Building this software can be performed two ways: using the STM32CubeIDE or using command line tools.
The easiest way to start working with the STM32CubeIDE is to create a new project for the STM32F103RCTx.
Once this is created, remove the auto-generated source code.
Next, drag the contents of the
source folder into the project and choose to link to files.
You will need to update the build settings for include paths and point to the new
.ld linker file.
Command line tools and building a release
source folder there is a
Makefile that can be used to build the repository using command line tools.
When running the
make command, specify which model of the device and the language(s) you would like to use.
Use the following steps to set up a build environment for IronOS on the command line (in Terminal).
- Follow steps 1 – 3 here to install the toolchain needed to compile for STM32 microcontrollers.
brew install python
- (Optional) Update
pipso it doesn't warn you about being out-of-date:
python3 -m pip install --upgrade pip
- Change to the
- Create a Python virtual environment for IronOS named
ironos-venvto keep your Python installation clean:
python3 -m venv ironos-venv
- Activate the Python virtual environment:
- Install the dependencies required to run
pip install bdflib
- All done! See some examples below for how you can build your own IronOS.
To build a single language Simplified Chinese firmware for the TS80P with 8 simultaneous jobs:
make -j8 model=TS80P firmware-ZH_CN
To build a European multi-language firmware for the Pinecil with as many simultaneous jobs as there are logical processors on Linux:
make -j$(nproc) model=Pinecil firmware-multi_European
To build a Cyrillic compressed multi-language firmware for the Pinecil with as many simultaneous jobs as there are logical processors on macOS:
make -j$(sysctl -n hw.logicalcpu) model=Pinecil firmware-multi_compressed_Bulgarian+Russian+Serbian+Ukrainian
To build a custom multi-language firmware including English and Simplified Chinese for the TS80:
make -j8 model=TS80 custom_multi_langs="EN ZH_CN" firmware-multi_Custom
To build a custom compressed multi-language firmware including German, Spanish, and French for the TS100 (note if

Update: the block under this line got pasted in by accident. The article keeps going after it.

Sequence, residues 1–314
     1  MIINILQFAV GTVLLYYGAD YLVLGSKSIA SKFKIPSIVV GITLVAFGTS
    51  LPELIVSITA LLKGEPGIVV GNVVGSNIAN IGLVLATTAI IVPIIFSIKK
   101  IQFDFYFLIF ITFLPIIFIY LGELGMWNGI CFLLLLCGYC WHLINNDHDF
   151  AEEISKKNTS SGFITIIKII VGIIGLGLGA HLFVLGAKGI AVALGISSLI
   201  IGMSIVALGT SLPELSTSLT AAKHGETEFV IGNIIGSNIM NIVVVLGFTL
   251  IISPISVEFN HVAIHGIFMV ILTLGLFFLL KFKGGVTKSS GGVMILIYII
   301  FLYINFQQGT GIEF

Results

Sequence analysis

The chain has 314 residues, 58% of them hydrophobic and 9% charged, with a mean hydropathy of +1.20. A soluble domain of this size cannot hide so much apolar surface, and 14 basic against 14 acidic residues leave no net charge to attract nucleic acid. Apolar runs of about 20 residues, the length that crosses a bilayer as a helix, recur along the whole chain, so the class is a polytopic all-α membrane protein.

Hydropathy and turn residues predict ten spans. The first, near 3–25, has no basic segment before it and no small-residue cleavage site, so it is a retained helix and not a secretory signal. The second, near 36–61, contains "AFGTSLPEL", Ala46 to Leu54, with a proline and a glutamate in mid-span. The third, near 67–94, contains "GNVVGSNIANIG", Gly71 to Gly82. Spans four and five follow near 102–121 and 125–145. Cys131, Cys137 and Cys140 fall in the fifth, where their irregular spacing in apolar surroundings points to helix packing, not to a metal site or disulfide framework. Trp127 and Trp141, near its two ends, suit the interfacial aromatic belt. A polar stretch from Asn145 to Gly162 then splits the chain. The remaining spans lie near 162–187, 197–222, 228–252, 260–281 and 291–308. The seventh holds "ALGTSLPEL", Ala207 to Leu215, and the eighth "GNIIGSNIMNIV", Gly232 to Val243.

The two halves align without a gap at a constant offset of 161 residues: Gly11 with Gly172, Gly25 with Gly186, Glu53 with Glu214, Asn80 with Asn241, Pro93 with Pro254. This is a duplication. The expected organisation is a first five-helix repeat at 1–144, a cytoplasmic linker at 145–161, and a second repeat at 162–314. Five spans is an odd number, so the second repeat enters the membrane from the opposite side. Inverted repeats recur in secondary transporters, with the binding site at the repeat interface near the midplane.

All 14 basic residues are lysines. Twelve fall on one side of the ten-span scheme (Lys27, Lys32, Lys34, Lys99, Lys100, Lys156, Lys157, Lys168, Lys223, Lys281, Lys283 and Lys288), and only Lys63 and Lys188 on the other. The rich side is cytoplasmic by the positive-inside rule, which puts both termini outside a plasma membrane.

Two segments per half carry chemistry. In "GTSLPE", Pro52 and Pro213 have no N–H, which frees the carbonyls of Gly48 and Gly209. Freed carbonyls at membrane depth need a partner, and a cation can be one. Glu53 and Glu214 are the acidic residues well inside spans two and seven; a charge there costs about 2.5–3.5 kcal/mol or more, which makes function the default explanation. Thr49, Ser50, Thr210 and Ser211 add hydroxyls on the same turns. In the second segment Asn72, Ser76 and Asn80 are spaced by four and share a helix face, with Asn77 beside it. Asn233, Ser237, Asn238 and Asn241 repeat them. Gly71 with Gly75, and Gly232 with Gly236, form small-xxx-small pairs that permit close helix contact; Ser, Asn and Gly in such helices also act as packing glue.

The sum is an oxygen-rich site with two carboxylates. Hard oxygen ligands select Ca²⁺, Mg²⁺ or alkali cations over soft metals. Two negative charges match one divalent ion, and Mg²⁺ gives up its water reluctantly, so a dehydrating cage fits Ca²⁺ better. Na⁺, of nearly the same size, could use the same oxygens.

model is unspecified, it will default to
make -j8 custom_multi_langs="DE ES FR" firmware-multi_compressed_Custom
To build a release instead, run the
build.sh script. This will update translations and also build every language for all device models. For macOS users, replace
make -j$(nproc) in the script with
make -j$(sysctl -n hw.logicalcpu) before running.
To update the language translation files and their associated font maps, execute the
make_translation.py code from the
If you edit the translation definitions or the English translation, please also run
gen_menu_docs.py to update the settings menu documentation automatically.
Building Pinecil V1
I highly recommend using the command line tools and using Docker to run the compiler. It's a bit fussier on setup than the STM tooling, and this is by far the easiest way. If you need an IDE I have used Nuclei's IDE. Follow the same idea as the STM Cube IDE notes above.
Building Pinecil V2
To build the Pinecil V2 firmware, you can use a Docker container that provides a consistent development environment across different operating systems, including Windows with WSL2. Here's how to do it:
Docker Desktop: Install the latest version of Docker Desktop for your operating system from the official website.
On Windows follow the instructions on the official documentation to install 'Windows Subsystem for Linux' (WSL2).
Clone the repository, initialize and update submodules:
sh git clone --recurse-submodules https://github.com/Ralim/IronOS.git
Start the Docker container with the development environment:
sh cd IronOS ./scripts/deploy.sh
This script will build a Docker image and run a container with the necessary tools to build the firmware.
Build the firmware for Pinecil V2:
sh cd source/ ./build.sh -l EN -m Pinecilv2
This command will compile the firmware with English language support for Pinecil V2 board.
Find the firmware artifacts: After the build completes successfully, you can find the firmware artifacts in the